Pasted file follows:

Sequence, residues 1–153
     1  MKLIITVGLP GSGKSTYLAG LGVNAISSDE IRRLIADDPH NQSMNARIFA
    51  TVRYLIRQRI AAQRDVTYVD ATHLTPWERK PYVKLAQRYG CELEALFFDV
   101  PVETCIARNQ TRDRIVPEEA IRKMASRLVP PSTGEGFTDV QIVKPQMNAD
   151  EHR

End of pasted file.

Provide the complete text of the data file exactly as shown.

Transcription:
Sequence, residues 1–153
     1  MKLIITVGLP GSGKSTYLAG LGVNAISSDE IRRLIADDPH NQSMNARIFA
    51  TVRYLIRQRI AAQRDVTYVD ATHLTPWERK PYVKLAQRYG CELEALFFDV
   101  PVETCIARNQ TRDRIVPEEA IRKMASRLVP PSTGEGFTDV QIVKPQMNAD
   151  EHR